Most people think that every dog knows how to play fetch and they will love to do it. However this is not the case, you must teach your dog to play fetch.
We automatically think playing fetch it inherent for dogs, but it’s not. Fetch is a game that we, the human, have created. So we need to teach them the rules of our game. Some dogs won’t chase the ball, some will chase it and not return back with it, and others will go get the ball, but then they play “keep away” and not allow you to get the ball back.
Just like Tug, fetch offers so many positive benefits for you and your dog. Fetch is terrific physical and mental exercise, a great way to practice obedience commands, and a fun way to develop the bond between you and your dog.
Teach Your Dog to Play Fetch
I start teaching fetch by having the dog on a 20-50+ft long line. NOT a retractable leash or steal cable, and the long line is NOT attached to a stationary object. The dog is dragging the long line around and you can simply pick it up when necessary. You should only play fetch in a securely fenced in area.
Step 1: Put dog on long line.
Step 2: Throw the ball.
Step 3: Once the dog has chased the ball and now has possession of it, I will say “Come”. If he starts returning to you, praise amply. If the dog does not come or runs in a different direction, I will employ the long line to guide him back to me.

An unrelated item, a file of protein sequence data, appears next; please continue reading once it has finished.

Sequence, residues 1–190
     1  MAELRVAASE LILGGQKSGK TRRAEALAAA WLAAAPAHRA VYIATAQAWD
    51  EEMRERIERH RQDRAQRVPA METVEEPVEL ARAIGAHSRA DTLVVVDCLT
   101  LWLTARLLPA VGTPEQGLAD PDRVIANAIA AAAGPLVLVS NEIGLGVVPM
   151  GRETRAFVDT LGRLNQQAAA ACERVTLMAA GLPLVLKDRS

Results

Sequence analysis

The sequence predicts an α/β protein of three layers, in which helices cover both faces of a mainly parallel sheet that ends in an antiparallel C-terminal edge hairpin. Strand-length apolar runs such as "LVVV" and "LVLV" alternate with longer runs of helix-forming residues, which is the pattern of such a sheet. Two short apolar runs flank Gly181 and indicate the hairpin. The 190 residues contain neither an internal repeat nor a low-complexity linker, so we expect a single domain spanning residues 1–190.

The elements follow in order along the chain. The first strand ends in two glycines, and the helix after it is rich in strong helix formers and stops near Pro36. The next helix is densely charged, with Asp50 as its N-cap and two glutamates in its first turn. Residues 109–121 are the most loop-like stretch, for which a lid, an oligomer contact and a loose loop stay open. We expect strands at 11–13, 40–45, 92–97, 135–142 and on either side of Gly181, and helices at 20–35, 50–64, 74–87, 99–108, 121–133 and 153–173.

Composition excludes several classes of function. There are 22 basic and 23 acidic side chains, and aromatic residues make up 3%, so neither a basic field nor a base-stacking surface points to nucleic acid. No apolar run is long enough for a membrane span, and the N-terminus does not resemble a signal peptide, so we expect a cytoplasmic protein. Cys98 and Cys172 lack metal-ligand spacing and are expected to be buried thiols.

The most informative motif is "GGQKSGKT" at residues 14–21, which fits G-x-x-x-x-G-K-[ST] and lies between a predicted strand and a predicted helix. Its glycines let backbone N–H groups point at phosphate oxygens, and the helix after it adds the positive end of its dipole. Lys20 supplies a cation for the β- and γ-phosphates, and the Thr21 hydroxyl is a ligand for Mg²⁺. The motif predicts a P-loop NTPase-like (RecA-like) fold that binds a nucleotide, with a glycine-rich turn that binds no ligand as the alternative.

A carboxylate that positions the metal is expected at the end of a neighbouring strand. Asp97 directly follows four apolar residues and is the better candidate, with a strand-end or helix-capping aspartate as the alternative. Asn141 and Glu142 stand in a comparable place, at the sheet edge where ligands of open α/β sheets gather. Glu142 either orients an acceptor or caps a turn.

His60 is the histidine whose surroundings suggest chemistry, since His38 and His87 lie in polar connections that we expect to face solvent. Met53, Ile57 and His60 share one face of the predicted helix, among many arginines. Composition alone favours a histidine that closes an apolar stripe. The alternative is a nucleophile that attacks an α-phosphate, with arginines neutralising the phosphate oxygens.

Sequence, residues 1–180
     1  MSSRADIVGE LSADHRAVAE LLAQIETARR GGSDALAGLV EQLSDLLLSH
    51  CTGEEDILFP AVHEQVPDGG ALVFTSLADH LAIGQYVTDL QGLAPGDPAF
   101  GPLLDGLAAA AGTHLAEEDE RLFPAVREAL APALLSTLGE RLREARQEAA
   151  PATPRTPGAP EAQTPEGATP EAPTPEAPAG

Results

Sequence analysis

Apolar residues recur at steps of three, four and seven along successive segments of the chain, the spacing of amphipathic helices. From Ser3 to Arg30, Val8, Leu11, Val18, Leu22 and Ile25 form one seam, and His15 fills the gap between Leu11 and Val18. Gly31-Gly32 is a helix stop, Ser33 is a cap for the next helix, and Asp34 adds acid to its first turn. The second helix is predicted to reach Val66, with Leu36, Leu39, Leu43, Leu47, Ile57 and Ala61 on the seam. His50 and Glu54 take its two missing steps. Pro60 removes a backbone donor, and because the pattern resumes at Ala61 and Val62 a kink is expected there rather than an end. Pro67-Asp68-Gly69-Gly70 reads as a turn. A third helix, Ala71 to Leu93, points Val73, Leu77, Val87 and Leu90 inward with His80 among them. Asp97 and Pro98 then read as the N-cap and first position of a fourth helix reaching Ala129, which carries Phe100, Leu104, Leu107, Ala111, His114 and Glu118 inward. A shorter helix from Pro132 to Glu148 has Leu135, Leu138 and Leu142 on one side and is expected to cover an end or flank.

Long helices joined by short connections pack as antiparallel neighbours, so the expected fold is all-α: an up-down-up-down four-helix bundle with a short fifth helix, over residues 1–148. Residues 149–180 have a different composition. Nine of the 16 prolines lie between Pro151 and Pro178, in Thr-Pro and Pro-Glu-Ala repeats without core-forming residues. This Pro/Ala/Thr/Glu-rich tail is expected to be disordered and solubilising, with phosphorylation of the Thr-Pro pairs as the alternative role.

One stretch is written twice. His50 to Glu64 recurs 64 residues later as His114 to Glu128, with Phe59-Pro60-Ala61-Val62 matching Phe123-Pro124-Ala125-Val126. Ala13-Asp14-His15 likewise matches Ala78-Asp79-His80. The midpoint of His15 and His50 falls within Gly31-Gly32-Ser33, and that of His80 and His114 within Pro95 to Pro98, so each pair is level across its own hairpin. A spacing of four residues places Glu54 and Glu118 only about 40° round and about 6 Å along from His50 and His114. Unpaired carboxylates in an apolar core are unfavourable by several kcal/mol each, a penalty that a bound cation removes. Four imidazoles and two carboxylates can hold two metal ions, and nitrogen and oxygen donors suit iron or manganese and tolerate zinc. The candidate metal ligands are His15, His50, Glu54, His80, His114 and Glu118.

Some dogs will automatically drop the ball when they return back, but some will not. If your dog does not, there are two possible ways to teach them to “Drop It”.
1: Have two tennis balls which are the exact same. Throw the initial ball, once the dog returns, use the second ball to encourage them to release the first
2: Use treats to teach the dog to “Drop It”. Have a handful of treats and put one up to the dog’s nose. Just before the dog opens its mouth for the treat, say “Drop It”. Give the treat once the ball is released. After a dozen or so repetitions, your dog learns that “Drop It” means to release whatever is in their mouth.
This is not only a useful command for fetch, but very important for life in general.
1. Fetch is played in a fenced in area and initially taught using a long line.
2. If your dog does not automatically retrieve the ball, tell them “Come”, and utilize the long line to reinforce the recall.
3. Have your dog “Drop It” upon their return. Use one of the above options as a way to teach this command.
Once your dog understands the rules of fetch, it will be easier and more enjoyable for you and your dog.